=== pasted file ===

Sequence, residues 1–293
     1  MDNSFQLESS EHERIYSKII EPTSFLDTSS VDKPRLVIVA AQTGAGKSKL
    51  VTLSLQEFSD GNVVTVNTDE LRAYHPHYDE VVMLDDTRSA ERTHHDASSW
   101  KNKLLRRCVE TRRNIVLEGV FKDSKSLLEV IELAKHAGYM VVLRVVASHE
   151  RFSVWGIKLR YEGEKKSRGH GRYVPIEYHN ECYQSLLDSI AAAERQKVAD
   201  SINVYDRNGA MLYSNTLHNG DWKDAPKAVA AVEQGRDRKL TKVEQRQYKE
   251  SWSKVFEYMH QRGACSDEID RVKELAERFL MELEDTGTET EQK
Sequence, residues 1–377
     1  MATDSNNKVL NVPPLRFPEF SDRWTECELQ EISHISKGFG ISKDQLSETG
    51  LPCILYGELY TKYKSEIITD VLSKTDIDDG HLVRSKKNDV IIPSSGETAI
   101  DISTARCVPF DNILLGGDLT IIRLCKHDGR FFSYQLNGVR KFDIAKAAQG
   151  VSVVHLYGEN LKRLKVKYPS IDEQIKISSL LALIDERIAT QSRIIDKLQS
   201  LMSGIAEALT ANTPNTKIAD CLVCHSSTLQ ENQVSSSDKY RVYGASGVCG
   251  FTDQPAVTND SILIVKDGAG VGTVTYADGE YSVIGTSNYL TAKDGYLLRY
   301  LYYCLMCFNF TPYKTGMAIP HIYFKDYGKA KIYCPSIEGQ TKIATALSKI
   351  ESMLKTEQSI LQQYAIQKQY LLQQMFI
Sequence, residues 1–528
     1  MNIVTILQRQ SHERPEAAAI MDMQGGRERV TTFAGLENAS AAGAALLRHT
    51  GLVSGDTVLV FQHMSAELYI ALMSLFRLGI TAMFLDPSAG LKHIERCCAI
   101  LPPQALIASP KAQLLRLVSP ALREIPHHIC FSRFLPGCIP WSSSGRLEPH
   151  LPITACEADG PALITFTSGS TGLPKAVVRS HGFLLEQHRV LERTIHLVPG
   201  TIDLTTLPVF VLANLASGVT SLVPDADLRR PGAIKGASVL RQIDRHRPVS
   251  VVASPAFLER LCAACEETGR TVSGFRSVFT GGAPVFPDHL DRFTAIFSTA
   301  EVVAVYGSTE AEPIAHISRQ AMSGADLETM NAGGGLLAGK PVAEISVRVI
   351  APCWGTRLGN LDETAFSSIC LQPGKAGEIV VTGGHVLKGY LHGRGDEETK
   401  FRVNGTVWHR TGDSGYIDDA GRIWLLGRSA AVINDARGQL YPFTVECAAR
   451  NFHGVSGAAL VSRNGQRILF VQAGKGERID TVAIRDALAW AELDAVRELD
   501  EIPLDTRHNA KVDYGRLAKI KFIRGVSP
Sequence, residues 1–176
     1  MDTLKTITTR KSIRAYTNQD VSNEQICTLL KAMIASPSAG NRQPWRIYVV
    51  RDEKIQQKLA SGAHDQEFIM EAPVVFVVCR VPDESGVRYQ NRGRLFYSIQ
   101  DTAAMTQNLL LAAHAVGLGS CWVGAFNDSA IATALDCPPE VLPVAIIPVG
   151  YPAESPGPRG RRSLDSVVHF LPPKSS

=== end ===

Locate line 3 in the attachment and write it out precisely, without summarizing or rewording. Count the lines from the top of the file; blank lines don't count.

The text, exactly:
    51  VTLSLQEFSD GNVVTVNTDE LRAYHPHYDE VVMLDDTRSA ERTHHDASSW